4 out of 5
Label: Murailles Music
Produced by: Borja Flames
The hauntingly beautiful and disturbing pop of Borja Flames, which seems like a good representation of the generally beautiful and weird pop on parent label Le Seure, here co-released by the often experimental and weird label Murailles Music. But you see throughlines there, and boil that down to harmonies, squiggly electro beats, drone-like repetition, and NiN-like industrial undertones… and then we’re back at Borja’s Nuevo Medievo, 10 tracks that are never far away from the catchiest of melodies, or a gorgeously bouncy synth line that’s then brought intriguingly low by a counter synth, or some cutting percussion.
Borja (with assistance by Marion Cousin, Paul Loiseau and Rachel Langlais) keeps the music swirling around a central, pleasant hum, his voice and tones very mid-ranged and metered, but then bumps tracks here and there with ba-ba-ba vocalizations that scale up around a chorus, or that paced, central vibe pushed more toward the faster or slower ticks of a metronome. It is mesmerizing, and whenever you’re ready to just sink into it, there’s enough of a swerve to give it some oomph, and bring that anxious undercurrent back into the foreground.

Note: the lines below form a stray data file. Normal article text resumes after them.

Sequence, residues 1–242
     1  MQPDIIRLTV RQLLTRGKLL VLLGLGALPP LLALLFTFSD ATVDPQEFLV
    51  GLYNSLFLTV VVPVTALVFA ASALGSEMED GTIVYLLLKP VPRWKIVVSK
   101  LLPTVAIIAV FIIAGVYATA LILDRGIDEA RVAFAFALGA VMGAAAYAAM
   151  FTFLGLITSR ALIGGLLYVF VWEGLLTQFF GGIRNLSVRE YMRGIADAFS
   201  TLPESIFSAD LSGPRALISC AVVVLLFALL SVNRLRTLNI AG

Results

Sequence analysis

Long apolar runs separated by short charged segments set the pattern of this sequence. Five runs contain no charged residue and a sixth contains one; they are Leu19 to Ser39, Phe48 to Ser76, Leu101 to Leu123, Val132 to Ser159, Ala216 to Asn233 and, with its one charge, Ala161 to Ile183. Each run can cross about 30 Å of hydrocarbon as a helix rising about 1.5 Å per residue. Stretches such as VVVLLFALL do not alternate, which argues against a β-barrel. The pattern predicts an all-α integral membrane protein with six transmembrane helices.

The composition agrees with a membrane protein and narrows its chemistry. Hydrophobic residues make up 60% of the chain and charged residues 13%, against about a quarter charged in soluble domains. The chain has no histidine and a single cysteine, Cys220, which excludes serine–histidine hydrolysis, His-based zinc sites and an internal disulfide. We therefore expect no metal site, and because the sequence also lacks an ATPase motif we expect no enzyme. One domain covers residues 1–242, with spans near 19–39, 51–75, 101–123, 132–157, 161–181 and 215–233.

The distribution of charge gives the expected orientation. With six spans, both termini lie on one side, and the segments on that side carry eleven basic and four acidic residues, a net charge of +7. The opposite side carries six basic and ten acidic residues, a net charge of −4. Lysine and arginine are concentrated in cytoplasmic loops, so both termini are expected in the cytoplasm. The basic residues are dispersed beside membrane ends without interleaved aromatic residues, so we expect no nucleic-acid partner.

But all of this is, ultimately, a limited cache of tricks, and after catchy chorus number whatever – for me, it’s after track 8’s Sin Cabeza – some of the songs start to blend together. That doesn’t change their catchiness (or the ability to suddenly surprise, such as on De qué’s late changeups), but nonetheless, the template is much more apparent.
For non-French speaking me, this easily reaches across the language divide, communicating feels through sound and presentation, Borja crafting instantly memorable squiggles of sound that you can sing along with, regardless of your spoken language.